Rene Lima-Marin robbed two video stores 15 years ago, when he was just 19. He walked into the stores with an unloaded rifle and demanded money. He admitted to the crime and was sentenced to what he and his lawyer believed was a 16-year-sentence. After 10 years of serving time, Lima-Marin was set free. He got married, fathered two children and purchased a home. He swore he would never do anything to jeopardize the new life he had created.
Then, earlier this year, the life he had built came crumbling down when a judge, citing a clerical error, sent him back to prison to finish a 98-year sentence.
"Ninety-eight years for what?" he told Fox 31 Denver. "People have raped, molested kids, taken lives and [gotten] 15, 20, 25 years. And I made a mistake and tried to steal some money, and I am given my entire life in prison? It just doesn't make sense."
According to the news station, the court system made an error, and therefore Lima-Marin's lawyer was given the wrong information about his case. Lima-Marin claims that his lawyer instructed him not to appeal what he initially believed was a lengthy sentence because he was already in the best-case scenario, which was for all of his charges to run concurrently, meaning that the longest sentence he could be given was 16 years.
Per his lawyer's advice, he withdrew his appeal for a shorter sentence. But the lawyer's information, and the court file sent to the Department of Corrections indicating his sentences, were both wrong. Lima-Marin's sentence was to run back-to-back, totaling more than 90 years.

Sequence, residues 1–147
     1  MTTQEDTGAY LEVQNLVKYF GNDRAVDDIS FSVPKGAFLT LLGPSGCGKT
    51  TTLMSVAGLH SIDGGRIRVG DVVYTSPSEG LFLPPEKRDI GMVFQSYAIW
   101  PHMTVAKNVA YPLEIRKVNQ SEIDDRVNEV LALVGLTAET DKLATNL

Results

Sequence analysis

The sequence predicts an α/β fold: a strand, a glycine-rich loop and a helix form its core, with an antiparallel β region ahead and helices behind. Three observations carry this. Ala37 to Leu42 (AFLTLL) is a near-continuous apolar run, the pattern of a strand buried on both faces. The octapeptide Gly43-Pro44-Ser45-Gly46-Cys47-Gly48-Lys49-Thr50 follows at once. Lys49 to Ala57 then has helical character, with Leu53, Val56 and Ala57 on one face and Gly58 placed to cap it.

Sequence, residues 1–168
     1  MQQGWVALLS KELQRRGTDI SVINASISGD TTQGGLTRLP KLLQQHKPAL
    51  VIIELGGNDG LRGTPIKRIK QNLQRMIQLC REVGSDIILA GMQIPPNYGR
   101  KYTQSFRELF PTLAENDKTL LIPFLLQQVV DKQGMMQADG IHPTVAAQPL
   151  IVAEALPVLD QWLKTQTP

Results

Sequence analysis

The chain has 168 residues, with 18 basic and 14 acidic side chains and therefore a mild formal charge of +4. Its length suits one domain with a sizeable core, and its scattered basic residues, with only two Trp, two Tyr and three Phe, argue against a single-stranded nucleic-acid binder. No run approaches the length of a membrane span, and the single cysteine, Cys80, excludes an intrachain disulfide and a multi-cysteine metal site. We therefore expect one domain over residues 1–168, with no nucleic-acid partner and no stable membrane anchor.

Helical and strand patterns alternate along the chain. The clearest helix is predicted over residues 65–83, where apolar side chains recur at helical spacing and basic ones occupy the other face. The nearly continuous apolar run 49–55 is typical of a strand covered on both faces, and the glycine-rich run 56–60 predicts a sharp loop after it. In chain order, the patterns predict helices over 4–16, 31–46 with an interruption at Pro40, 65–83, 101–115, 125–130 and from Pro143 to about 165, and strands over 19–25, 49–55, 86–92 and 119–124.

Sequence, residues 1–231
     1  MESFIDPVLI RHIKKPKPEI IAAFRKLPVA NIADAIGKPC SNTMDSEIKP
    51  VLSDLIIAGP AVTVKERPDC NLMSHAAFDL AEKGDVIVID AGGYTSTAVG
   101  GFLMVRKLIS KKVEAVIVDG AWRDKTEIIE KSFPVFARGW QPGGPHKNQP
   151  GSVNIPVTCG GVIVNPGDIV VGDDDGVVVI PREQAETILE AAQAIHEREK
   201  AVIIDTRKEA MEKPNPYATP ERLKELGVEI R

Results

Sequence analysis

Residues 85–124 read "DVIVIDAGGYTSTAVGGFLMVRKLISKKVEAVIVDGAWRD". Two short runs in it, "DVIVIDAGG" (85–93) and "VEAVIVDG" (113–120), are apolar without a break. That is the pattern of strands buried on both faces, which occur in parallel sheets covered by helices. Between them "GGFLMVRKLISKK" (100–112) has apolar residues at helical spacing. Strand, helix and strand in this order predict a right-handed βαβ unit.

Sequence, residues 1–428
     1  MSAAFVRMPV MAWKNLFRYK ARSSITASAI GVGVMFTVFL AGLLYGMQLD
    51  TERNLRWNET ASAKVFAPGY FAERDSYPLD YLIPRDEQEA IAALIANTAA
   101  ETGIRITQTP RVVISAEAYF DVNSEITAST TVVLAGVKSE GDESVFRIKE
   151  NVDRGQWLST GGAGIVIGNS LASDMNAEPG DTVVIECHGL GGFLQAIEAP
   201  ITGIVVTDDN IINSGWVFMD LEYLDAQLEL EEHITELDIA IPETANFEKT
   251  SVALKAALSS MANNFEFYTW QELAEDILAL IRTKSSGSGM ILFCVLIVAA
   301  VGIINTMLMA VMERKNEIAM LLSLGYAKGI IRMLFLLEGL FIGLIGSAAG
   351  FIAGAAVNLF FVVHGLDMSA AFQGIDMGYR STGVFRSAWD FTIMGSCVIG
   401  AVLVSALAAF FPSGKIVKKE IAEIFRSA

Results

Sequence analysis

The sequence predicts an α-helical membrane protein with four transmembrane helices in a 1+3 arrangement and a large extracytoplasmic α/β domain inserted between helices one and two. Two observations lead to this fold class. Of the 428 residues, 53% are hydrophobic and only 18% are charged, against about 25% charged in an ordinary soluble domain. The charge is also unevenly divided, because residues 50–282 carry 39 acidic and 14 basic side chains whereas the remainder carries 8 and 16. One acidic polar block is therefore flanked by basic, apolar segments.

During his initial incarceration, Lima-Marin was a model prisoner, never receiving even one write-up.
"It's that everyday, happy, white-picket-fence type of life," he told the news station about the life he'd created since being set free. He was free for almost six years before he was told of the court's mistake.
"I would have never had a wife. I would have never had children. I would have never bought a house. I would have never done any of those things," he told Fox 31. "But I did those because you let me out. And now they are being punished for something they had absolutely nothing to do with," he said to the news station, referring to his family.
Because Lima-Marin had a prior criminal history that included thefts committed as a juvenile, his case was aggressively prosecuted under a Colorado program called COP (for "chronic-offender program"). The program, which no longer exists, was supposed to be used for offenders with an extensive criminal history.
Lima-Marin was found guilty of three counts of armed robbery—each of which carried a penalty of 10 years, for a total of 30 years. If he were found guilty of that crime today, it would likely net him anywhere from four to 16 years, the news station reports. In addition, because he moved three people who were in the front of the store to the back, he was charged with and found guilty of three counts of kidnapping, which carried 16 years per count. He was also given multiple years for two counts of burglary, Fox 31 reports.
According to the news station, "Lima-Marin won't even be eligible for parole until the year 2054—40 years from now—when he's 75."
"I did something wrong. I acknowledge the fact I did something wrong. I take responsibility for the fact I did something wrong. But I also believe I completed the punishment, the just punishment for the crime," he says.
Read more at Fox 31 Denver.